The case was tried by a Workers’ Compensation Judge (WCJ) who found for the 2001 and 2002 cases the applicant was not entitled to anything. The WCJ reasoned the applicant had a prior disability of no heavy work for the 1998 injury and the same restriction for the 2001 and 2002 injuries. Applicant petitioned for reconsideration. The Workers’ Compensation Appeals Board issued an en banc decision

They indicated that a compromise and release, without more, is not a basis for apportioning under Labor Code section 4664 (b). A compromise and release does not constitute an “award of permanent disability”

However, where there is a prior claim and Compromise and Release even thought there is no prior disability, the medical reports and other evidence may be “other factors”. Under Labor Code section 4663 “other factors… including prior injuries” are a proper basis for apportionment. Here, the WCJ did not consider that

The WCAB did indicate that you could rehabilitate yourself from a prior injury under section 4663, but not 4664.

90 Day Denial May Be Rebutted With Reasonable Diligence

The applicant filed a workers’ compensation claim form on

November 27, 2000. A delay later issued on December 21, 2000. This is past the 14 day time limit. On February 26, 2001 the adjusted decided to deny the claim. The applicant received the denial on February 27, 2001. This was 92 days after the claim form was received.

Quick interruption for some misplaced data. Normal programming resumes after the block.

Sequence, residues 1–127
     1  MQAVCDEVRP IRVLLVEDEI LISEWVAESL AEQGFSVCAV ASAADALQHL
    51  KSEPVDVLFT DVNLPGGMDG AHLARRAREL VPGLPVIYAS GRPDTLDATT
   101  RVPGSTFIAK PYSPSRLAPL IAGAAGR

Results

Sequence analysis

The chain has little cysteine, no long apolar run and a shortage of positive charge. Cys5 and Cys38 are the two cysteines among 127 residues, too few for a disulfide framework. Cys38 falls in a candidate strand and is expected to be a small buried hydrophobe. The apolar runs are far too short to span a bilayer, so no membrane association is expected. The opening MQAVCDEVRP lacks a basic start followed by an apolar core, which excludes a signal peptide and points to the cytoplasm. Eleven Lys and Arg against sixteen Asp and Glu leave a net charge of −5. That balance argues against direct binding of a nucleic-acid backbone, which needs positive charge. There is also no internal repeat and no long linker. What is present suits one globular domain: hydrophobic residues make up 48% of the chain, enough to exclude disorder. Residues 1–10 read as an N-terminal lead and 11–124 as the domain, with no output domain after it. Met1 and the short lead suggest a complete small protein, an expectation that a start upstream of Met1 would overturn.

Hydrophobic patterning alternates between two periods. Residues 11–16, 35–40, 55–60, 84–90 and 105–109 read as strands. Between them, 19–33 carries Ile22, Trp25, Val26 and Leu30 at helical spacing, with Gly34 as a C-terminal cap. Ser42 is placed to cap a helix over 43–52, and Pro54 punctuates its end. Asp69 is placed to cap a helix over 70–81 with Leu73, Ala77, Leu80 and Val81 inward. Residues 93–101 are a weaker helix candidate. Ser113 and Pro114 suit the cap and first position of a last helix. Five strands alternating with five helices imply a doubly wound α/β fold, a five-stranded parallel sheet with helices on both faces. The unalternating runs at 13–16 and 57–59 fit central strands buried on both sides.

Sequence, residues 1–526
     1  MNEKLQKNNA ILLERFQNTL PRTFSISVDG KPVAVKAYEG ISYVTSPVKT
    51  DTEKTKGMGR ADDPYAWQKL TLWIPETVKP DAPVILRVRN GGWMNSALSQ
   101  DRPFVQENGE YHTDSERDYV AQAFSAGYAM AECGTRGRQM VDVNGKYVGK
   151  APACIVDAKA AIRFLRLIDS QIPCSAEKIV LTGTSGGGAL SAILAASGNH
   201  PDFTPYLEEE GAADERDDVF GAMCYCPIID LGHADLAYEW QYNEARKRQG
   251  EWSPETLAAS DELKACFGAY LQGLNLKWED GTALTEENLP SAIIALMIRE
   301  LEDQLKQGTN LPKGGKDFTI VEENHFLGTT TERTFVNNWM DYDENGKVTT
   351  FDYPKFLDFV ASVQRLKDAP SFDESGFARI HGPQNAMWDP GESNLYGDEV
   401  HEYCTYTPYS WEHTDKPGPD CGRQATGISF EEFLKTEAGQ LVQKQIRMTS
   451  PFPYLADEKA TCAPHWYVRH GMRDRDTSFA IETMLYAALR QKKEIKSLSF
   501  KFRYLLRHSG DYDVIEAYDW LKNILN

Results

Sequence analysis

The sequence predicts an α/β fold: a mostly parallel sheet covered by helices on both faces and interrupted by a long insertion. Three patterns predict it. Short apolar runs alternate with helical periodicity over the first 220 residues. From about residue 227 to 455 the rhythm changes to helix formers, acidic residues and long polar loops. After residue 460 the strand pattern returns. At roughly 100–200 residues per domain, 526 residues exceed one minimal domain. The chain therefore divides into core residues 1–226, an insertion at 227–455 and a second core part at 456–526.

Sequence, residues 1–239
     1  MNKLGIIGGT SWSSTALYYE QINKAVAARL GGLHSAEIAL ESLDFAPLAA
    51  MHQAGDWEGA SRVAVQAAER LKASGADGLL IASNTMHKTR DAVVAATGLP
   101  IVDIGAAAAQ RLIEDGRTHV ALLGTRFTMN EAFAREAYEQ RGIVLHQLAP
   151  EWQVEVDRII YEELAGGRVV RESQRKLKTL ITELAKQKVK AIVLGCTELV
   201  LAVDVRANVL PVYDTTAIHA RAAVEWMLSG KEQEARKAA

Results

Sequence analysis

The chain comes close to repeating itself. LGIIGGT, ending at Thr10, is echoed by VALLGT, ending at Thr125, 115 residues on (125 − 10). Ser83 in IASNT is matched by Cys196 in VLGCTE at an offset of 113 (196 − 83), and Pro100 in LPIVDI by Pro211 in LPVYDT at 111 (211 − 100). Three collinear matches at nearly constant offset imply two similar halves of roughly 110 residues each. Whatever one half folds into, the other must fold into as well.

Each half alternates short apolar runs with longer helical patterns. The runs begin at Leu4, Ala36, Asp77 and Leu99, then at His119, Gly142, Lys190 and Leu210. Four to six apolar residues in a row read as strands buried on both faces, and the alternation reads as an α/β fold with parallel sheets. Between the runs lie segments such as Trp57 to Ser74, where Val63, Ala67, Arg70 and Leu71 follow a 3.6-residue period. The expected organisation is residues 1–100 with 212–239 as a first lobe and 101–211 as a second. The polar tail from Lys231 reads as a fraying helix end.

The case was heard by a Workers’ Compensation Judge (WCJ) that first determined that the denial was timely (within 90days). Therefore, Labor Code section 5402, which presumes compensability, did not apply because the denial was timely.

The WCJ found the psychiatric case was not compensable because of a good faith personnel action under Labor Code section 3208.3.

The applicant filed a petition for reconsideration and the WCJ recalculated the 90 days and found the denial untimely. The WCJ, concluded, however, that the medical evidence rebutted the presumption. The Workers’ Compensation Appeals Board (WCAB) agreed with the WCJ and indicated that the medical evidence could not have been reasonably obtained in the 90 days.

The appellate court on review indicated that medical evidence should be obtained within 90 days. The court indicated that the adjusters testimony that the adjuster could not obtain a medical within 90 days was sufficient. The doctors were too busy to set an appointment within the 90 days.

The case is also interesting to read for the determination of what qualifies as a “good faith personnel” action. In this case two-thirds of the applicants psychological injury was caused by “good faith personnel actions”.